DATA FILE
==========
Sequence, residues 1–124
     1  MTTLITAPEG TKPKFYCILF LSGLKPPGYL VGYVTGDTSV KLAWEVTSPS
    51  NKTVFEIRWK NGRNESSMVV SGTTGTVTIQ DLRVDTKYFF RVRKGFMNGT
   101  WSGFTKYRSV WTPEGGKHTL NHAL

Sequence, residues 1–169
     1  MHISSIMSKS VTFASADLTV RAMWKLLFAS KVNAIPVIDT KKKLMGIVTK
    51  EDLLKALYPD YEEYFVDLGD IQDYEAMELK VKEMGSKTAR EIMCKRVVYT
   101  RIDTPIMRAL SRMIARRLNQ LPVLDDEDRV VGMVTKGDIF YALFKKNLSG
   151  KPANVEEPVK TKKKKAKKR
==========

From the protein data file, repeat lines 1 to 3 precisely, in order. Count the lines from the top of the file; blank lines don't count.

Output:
Sequence, residues 1–124
     1  MTTLITAPEG TKPKFYCILF LSGLKPPGYL VGYVTGDTSV KLAWEVTSPS
    51  NKTVFEIRWK NGRNESSMVV SGTTGTVTIQ DLRVDTKYFF RVRKGFMNGT